If perchance it does not, repeat the process, but this time with 2 teaspoons of baking soda added to the mix to increase its odor-neutralizing power.
If you’re not familiar with essential oils, they’re concentrated liquids extracted from fragrant plants.
Since their scents are strong, essential oils are a natural and effective way to deodorize carpets and upholstered furniture.
Stronger scents include cinnamon and peppermint. Lavender, lemon, and grapefruit impart a fresh scent.
Take your preference and combine 15 drops with 2 cups of good old baking soda in a container or slotted jat.
Shake well and sprinkle the fragrant powder over the carpet and upholstery. If the cat odor is mild, leave it on the rug a minimum of one hour before vacuuming it up.
A stronger odor may warrant leaving on overnight.
Enzymes are proteins that accelerate chemical reactions by either building up or breaking down substances.
Enzymatic cleaners use enzymes that speed up the rate that bacteria feed on organic matter like urine, feces, or blood, and in so doing, eliminate their odors.
Enzymatic cleaners are readily available in both concentrated and prediluted strengths at pet supply stores and home improvement centers.
Just read the directions and follow them.
Getting Rid of Cat Odors on Hard Surfaces
Cat odors may emanate from the floors if the cat has urinated on them.
In other cases, the odor may be embedded in the walls, especially around windows, or on entry doors.
Since cats are territorial, especially unneutered males, they usually mark their territory by backing up and spraying urine.
HEPA Air Purifiers
HEPA (which stands for high-efficiency particulate air) air filters are marketed to allergy and asthma sufferers for their ability to filter out pet dander, pollen, and other allergens that can stimulate an attack.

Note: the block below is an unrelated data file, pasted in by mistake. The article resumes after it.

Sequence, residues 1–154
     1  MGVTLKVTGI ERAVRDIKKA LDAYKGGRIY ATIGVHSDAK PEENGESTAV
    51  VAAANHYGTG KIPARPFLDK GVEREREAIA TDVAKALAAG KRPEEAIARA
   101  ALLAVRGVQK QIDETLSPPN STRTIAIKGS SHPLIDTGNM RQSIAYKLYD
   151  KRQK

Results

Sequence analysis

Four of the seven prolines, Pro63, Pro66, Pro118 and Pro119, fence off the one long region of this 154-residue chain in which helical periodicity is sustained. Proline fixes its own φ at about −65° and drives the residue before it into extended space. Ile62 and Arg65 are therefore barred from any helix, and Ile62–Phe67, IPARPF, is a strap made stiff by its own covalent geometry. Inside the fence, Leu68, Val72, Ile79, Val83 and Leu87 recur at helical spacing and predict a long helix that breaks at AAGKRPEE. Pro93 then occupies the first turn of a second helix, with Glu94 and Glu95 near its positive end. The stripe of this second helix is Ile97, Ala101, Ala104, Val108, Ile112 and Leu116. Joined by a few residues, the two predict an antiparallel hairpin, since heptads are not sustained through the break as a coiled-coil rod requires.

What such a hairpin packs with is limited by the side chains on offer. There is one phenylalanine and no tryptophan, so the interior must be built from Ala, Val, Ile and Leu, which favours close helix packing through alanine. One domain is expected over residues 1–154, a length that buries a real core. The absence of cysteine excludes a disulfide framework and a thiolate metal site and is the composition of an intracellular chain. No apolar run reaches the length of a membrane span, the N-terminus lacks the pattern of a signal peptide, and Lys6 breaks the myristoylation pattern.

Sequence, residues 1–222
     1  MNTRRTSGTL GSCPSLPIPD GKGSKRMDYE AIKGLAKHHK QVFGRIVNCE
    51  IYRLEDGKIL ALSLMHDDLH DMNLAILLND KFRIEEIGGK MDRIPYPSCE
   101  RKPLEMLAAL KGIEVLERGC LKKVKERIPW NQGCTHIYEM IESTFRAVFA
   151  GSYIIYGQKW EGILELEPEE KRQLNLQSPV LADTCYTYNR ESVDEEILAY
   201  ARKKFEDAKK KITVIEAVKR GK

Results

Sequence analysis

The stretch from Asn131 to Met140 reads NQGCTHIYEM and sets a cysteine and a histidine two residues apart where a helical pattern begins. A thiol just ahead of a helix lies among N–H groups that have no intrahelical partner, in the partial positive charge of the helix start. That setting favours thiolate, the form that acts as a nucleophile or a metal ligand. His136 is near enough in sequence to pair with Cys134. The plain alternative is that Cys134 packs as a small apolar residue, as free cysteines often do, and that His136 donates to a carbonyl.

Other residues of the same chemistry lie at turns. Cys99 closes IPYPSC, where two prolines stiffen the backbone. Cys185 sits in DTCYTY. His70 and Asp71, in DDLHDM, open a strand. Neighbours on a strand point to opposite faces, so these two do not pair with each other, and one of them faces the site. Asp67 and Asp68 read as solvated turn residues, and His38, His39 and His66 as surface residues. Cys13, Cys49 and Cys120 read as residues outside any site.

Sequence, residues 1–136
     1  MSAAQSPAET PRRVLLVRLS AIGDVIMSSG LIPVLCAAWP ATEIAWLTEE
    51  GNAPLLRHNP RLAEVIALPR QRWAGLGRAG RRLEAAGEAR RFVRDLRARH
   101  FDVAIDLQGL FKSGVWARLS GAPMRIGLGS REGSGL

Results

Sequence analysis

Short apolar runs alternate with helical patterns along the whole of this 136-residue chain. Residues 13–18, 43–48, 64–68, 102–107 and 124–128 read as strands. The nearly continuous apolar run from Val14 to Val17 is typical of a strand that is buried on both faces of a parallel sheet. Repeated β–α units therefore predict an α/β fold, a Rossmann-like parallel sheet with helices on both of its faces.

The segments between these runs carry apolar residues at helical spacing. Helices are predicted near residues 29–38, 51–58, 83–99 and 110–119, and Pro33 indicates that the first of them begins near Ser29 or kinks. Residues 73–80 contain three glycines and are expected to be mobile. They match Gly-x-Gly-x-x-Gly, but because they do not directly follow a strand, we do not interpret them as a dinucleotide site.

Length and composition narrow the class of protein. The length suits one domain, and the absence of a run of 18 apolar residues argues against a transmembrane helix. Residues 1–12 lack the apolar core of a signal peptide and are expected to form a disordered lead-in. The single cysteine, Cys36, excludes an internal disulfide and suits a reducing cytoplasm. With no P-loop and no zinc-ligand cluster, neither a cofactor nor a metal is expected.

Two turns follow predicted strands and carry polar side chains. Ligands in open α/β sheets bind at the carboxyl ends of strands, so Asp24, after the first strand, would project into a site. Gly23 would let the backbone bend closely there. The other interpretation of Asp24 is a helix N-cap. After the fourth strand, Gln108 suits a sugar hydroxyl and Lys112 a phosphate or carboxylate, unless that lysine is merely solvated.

However, there are also models engineered specifically to eliminate cat odor.
Look for a HEPA air purifier that has an activated charcoal filter in it.
These are highly effective because activated charcoal will attract and absorb odors and chemicals so that the HEPA filter can catch and trap them,
Ozone generators intentionally make ozone out of oxygen.
You probably know that ozone is a gas that has three atoms, one more than oxygen. Ozone is a powerful gas since it wants to shed that third atom and when it does, it can alter chemical substances in the air.
Although ozone in concentrated amounts can be harmful to some individuals, those that are marketed as air purifiers are generally safe.
So you might want to rent or buy an oxygen generator/air purifier to work on cat odors that have not penetrated too deeply into the wall or floors.
Odor-killing Paint Primers
If you haven’t moved in yet, you might ask your landlord to repaint the walls and suggest he use an odor-killing paint primer.
There are several on the market that is formulated to work on not only cat odor but also odors left behind by food, and tobacco.
If the landlord balks at that, you can offer to pay for the work, or better yet, do it yourself.
Solid Odor Absorbers
You can also go old school with a solid odor absorber formulated to deodorize the air by capturing and encapsulating cat odor, replacing it with a pleasant scent such as lavender or ocean breeze.
These products come in various size jars, some of which can cover areas as large as 450 feet and last for up to 90 days.
If the odor plagues your whole apartment you might want to get several of them. And although scented candles don’t capture and encapsulate smells,
it’s a good idea to supplement the solid deodorizer with candles that give off your favorite scents.
If All Else Fails
If none of the above work because the odor has thoroughly penetrated the floor right down to the subfloor, you might want to go for gold, take a Hail Mary pass, cross your fingers, take a deep breath and ask your landlord if he will replace that section of flooring.
He/She may say yes or may say no. But if you don’t ask, you’ll never know.
And if you feel like unwinding with a vodka cocktail while you wait for his answer, save some vodka to spay on the carpet.
Not only is vodka good at removing spots, but it also takes up odors.
Blot it dry after 15 minutes, and sprinkle some baking soda to soak up any remaining moisture.
And just as vodka is unique among liquors in that it can not be detected by smell, it won’t leave your carpet with whiskey breath!